1 - Go to >Fog Configuration> Fog Settings>Plugin System - check the box for “PLUGINSYS ENABLED”
2 - In the menu, you should now see a gear icon called “Plugins”
3 - Once on the Plugins page select “LDAP” then navigate to “Install plugins” then install the LDAP plugin. You should now see the LDAP plugin listed under “Installed Plugins”
4 - SSH to your FOG server and install the latest php-ldap module through your distro package manager
5 - In the menu, you should now see a key icon called “LDAP Servers”
6 - Click “Create New LDAP”
7 - Now for the fun part…
LDAP Connection Name - (This is whatever you want it to be… it’s just a name)
LDAP Server Description - (Again… whatever you want… it’s just a Description)
LDAP Server Address - MANDATORY - (The name of the server to check logins against)
LDAP Server Port - MANDATORY - (Pick 389 or 636 from the drop down… if you are not sure what one will work for you start with 389 or Google it)
Use Group Matching - recommended - (you are most likely going to want to leave this checked)
Search Base DN - MANDATORY - (This is the organizational unit within Active directory that you would like to start your search for users)
Group Search DN - MANDATORY - (This is the organizational unit within Active directory that you would like to start your search for Group Matching)
Admin Group - MANDATORY - (This is the name of the security/distribution group that admins need to be a part of in AD in order to login with LDAP) Note: Just the group name… not the whole CN as you already provided that information above.
Mobile Group - recommended - (You probably just want to make this the same as above unless you use this for things… idk)
Initial Template - (Since this tutorial is for Microsoft AD lets select Microsoft AD)
User Name Attribute - MANDATORY - (Not sure if the case is important for this setting within in FOG, but for others I know it is… thus I changed the “User Name Attribute” from “samAccountName” to “sAMAccountName”)
Group Member Attribute - MANDATORY - (Default setting here is good - “member”)
Search Scope - (Depends on how your organizational units are set up within AD )
Bind DN - MANDATORY - (This is the full path to the location of the user account you will be using to talk with LDAP this should start with “cn=”)(This user should have somewhat elevated permissions in AD the level of which is at your discretion)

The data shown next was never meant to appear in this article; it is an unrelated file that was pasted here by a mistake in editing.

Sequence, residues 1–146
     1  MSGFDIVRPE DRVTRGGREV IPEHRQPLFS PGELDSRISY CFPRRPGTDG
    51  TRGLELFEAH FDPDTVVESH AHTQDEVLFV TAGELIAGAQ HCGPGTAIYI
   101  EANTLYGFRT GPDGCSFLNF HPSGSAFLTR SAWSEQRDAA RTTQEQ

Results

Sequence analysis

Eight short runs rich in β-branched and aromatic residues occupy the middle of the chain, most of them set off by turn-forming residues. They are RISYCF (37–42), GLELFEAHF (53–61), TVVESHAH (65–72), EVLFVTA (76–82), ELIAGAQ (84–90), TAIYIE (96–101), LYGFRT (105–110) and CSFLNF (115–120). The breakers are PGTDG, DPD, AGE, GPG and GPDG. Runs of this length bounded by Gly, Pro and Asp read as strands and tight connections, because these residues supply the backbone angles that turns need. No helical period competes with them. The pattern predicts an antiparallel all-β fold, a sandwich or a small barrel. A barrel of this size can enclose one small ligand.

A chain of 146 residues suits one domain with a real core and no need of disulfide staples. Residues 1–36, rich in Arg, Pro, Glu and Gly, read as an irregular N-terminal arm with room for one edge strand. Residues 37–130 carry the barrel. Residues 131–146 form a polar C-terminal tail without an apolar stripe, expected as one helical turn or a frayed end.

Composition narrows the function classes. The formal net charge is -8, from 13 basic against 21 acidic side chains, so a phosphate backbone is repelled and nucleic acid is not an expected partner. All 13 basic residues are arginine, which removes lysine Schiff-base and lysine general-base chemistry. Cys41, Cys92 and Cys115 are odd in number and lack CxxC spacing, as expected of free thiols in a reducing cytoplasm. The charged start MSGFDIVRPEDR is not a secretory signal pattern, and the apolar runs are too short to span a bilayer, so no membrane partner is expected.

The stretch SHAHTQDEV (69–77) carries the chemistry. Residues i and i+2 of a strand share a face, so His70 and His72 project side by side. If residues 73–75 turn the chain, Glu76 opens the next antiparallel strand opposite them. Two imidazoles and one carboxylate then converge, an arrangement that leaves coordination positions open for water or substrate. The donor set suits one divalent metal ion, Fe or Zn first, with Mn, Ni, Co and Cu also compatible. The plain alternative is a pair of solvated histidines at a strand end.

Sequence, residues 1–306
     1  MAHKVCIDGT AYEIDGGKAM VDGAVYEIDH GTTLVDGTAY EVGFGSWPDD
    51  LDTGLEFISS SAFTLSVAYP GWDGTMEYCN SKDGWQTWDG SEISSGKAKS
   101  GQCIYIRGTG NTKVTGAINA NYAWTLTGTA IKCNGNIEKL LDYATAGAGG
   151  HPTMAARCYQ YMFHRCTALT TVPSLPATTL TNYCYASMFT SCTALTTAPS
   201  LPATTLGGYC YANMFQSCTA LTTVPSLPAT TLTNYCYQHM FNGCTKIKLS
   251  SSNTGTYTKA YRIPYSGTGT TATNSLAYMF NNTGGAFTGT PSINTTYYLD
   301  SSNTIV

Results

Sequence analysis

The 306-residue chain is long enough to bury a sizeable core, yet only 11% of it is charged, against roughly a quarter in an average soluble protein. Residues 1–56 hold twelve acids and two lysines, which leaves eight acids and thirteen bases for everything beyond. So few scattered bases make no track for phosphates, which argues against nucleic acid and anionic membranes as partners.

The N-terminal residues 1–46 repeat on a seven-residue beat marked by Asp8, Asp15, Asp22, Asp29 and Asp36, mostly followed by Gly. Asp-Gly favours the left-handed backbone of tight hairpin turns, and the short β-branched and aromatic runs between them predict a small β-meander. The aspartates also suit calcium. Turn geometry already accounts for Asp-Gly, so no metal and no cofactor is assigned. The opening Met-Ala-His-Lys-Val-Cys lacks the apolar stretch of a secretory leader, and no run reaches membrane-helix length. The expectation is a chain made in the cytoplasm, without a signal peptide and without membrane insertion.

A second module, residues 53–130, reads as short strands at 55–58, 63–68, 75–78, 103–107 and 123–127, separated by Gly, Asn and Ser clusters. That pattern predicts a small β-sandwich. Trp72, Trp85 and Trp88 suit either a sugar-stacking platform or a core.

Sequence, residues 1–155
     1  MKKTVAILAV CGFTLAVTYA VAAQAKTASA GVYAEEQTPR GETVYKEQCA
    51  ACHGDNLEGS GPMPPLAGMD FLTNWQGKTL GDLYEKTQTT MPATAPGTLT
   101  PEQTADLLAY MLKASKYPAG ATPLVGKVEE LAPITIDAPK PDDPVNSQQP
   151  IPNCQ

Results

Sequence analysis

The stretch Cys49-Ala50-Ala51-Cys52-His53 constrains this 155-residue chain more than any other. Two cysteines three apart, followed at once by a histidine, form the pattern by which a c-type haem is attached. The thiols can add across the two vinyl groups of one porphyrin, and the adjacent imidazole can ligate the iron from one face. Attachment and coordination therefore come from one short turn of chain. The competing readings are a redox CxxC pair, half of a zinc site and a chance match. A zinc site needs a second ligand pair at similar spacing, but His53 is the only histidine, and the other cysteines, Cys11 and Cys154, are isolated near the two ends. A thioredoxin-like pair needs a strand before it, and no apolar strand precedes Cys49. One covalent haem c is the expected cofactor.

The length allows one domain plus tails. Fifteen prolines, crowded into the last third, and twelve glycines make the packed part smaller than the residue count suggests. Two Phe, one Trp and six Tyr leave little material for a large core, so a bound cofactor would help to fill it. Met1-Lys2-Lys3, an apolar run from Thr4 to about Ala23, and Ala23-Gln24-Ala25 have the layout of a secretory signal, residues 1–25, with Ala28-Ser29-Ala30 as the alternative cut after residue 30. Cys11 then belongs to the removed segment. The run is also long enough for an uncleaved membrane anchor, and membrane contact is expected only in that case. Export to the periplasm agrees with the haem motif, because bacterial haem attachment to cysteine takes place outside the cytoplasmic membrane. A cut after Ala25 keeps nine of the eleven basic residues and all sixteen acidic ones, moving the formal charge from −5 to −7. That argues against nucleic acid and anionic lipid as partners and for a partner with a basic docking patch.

Bind Password - MANDATORY - (The password for the user account above)
Once done click “create”
- 8 - Read the “Some things to keep in mind section below - Then test logging into FOG with an AD account”
Some things to keep in mind:
- The LDAP user you want to log in with should not already have a local account within FOG.
- Once you get it working don’t just go and delete all your local FOG accounts… Leave one with a nice long and random password - keep that password somewhere safe, if the plugin stops working for some reason it would be nice to still have access to your FOG server GUI without having to go and add a user into the database manually.
- Please once working use a test AD account or create one and make sure you did not just give every user in your AD the ability to log into your FOG server and image every computer.
- The apache error log is a great tool to use when troubleshooting why your LDAP is not working on FOG
- Below is an example of LDAP settings within FOG
- As always if you are not sure about something feel free to ask the fourms… Thats what they are there for
Disclaimer: All of the above information is a summary of my experience getting this plugin to work within our environment. I am only providing an example/tutorial. Please be careful with LDAP and TEST USER ACCESS as much as you can. only you will be at fault if for some unfortunate reason someone that should not have access to your FOG server gets it and images all your computers
With that said, I hope I have stressed the importance of securing your LDAP setting and this example/tutorial has helped you in some way…